Chicago cast dazzle Woking audience

WOKING has been wrapped in greed, corruption, murder, exploitation and treachery this week, writes Mark Miseldine.

No, not the build-up to today’s local elections (do remember to go out and vote, everyone), but the razzle-dazzle sparkle of Chicago at the New Victoria Theatre.

Faye Brookes as Roxie Hart

It’s the tale of chorus girl Roxie Hart, in prison for murdering her lover Fred. In 1920s Chicago, murder is practically a form of entertainment, wild stories selling thousands of newspapers. Roxie realises that to set herself apart from the other felons on ‘murderess row’ she’ll need her own redemption tale to garner publicity, plus a very slick lawyer to sell it to a jury. She doesn’t just want to be free, it’s the opportunity to become a star.

From the outset, the musical wears its sexiness on its sleeve – or, in this case, its sheer stockings and sleeveless mesh tops – and its themes of media manipulation, as well as the lure of celebrity, still chime readily enough with today’s news stories.

It’s a seductive and engaging production. The minimalist set puts the orchestra on stage, like they’re a house band looking down on the show unfolding and giving proceedings a smoky jazz club feel – as well as allowing the musical director to get in on the action from time to time. The only set dressing is wooden chairs, brought on and off as required. Otherwise, a hard-working lighting rig does everything else in terms of mood; tightly focused spotlights to illuminate key moments, broad arcs of subdued colour, stylised patterns.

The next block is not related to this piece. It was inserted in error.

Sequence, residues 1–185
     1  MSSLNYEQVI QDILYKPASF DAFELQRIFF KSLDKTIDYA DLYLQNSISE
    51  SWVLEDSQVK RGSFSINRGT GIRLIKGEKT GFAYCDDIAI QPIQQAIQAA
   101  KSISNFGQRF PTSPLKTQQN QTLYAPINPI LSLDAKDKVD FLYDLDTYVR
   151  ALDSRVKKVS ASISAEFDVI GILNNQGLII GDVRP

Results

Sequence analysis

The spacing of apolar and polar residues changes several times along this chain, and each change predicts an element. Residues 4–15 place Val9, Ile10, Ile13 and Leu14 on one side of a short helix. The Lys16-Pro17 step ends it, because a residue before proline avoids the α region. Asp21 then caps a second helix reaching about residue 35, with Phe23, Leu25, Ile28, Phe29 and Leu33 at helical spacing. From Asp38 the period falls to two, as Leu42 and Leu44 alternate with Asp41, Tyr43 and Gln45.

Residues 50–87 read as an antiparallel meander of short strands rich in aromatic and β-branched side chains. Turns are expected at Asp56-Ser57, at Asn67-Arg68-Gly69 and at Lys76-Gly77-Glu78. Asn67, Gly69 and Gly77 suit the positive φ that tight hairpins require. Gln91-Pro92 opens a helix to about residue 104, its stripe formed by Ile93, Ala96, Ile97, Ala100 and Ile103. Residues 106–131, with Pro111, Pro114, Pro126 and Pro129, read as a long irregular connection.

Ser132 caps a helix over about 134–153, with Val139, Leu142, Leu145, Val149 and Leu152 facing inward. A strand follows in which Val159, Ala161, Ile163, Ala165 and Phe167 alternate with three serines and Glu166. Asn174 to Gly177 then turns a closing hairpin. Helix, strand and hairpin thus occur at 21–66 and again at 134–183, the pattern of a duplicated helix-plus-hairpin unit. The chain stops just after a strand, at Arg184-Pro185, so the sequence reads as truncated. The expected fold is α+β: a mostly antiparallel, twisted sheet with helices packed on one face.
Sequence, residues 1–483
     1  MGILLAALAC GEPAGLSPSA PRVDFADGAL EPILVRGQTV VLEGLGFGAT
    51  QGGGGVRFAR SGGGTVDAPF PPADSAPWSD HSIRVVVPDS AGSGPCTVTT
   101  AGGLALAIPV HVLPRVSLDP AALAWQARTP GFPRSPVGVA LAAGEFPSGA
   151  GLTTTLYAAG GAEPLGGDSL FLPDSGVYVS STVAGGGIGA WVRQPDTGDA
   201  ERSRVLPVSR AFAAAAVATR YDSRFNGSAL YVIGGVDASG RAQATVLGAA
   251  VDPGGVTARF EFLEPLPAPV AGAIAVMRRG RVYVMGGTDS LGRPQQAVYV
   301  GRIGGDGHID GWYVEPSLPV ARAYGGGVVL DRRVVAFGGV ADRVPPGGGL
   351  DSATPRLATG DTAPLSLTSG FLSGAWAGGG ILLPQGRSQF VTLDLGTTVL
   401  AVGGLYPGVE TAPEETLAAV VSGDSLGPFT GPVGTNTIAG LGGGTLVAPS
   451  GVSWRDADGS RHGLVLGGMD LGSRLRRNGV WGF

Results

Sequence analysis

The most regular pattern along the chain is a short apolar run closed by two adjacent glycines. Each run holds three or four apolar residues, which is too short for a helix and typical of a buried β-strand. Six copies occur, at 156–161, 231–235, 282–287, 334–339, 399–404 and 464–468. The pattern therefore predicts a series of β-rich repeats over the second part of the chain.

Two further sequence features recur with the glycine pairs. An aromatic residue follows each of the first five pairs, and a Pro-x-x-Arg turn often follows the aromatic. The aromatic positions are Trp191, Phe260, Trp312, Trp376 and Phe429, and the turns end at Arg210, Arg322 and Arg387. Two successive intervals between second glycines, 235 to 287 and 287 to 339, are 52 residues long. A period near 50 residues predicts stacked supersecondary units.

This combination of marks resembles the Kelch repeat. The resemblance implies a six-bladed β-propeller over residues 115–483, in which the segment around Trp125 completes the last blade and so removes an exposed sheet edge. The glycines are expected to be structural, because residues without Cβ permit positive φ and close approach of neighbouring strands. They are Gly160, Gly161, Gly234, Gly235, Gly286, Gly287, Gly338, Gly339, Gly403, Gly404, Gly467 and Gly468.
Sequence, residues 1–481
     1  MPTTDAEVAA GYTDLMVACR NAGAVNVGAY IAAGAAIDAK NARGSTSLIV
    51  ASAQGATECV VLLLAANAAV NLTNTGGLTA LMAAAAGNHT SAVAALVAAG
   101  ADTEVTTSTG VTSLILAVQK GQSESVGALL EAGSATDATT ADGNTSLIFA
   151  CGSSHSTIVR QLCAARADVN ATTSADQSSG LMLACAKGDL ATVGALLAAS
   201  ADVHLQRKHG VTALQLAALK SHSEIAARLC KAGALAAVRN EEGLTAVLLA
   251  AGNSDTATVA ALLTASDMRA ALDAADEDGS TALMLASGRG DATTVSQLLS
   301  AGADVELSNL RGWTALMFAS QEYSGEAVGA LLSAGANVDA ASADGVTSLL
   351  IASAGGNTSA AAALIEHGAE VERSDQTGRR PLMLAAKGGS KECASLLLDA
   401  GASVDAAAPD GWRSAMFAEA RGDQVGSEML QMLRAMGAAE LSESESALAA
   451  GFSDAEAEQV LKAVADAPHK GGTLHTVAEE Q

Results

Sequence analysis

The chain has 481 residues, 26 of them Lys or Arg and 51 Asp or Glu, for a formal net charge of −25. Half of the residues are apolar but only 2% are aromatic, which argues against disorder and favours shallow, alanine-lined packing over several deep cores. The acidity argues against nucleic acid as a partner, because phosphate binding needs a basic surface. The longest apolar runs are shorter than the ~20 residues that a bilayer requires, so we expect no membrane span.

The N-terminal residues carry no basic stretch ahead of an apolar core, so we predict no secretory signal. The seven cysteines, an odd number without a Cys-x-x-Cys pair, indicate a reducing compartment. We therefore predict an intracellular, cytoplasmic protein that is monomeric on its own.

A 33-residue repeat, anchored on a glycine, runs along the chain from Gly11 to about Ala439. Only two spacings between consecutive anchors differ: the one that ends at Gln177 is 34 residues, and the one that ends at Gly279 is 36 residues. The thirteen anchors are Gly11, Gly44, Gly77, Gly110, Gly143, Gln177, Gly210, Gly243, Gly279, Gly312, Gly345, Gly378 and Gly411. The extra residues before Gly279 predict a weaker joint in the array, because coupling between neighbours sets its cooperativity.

It keeps attention focused on the cast, and there’s so much to enjoy. Each member of the dance company is mesmerising – no action wasted, no move ever just thrown away. The sharp and sexy Bob Fosse choreography is virtually another character in its own right, helping drive the action.

As Roxie Hart, Faye Brookes is a revelation. Best known for playing Kate Connor in Coronation Street, it’s a long way from Weatherfield’s cobbles to Chicago’s mean streets, but she makes that journey in style.

Velma (Djalenga Scott) and company give you All That Jazz

As well as her singing and dancing, it’s the personality of Roxie she projects so well that captivates the audience. A constant whirl of emotions, switching from ditzy to devious, vulnerable to seductive, whatever Roxie thinks will serve her best to stay one step ahead of the game, requires Faye to work hard to hit the right tone and pitch, plus demonstrate pin-sharp comedic timing. She really sells it, every nod, wink and sly grin, and the Woking audience loved it.

When you have a musical full of show-stopping songs – All That Jazz, When You’re Good to Mama, Razzle Dazzle, just for starters – you want performers who know how to carry a tune. This production is blessed with the vocal talents of Sheila Ferguson and Russel Watson.

Sheila, lead singer of chart-toppers The Three Degrees, plays Mama Morton, matron of Cook County jail. Fixing inmates with favours in return for bribes, she brings a grifting, business-like edge.

Russell, who has been called one of the world’s greatest classical singers, certainly provides slick lawyer Billy Flynn with a honeyed tongue. He’s no hoofer, happy to stand amid the dancing rather than be part of it while he’s holding the stage. But that helps emphasise his character, the ring master directing the media circus around him, spinning and manipulating events.

As Velma Kelly, Roxie’s glamorous cellmate rival for the limelight and celebrity-hungry front pages, Djalenga Scott is a singing and dancing powerhouse with real stage presence.

Chicago’s razzle-dazzle decadence is in town until Saturday 7 May – there’s a few tickets left, visit

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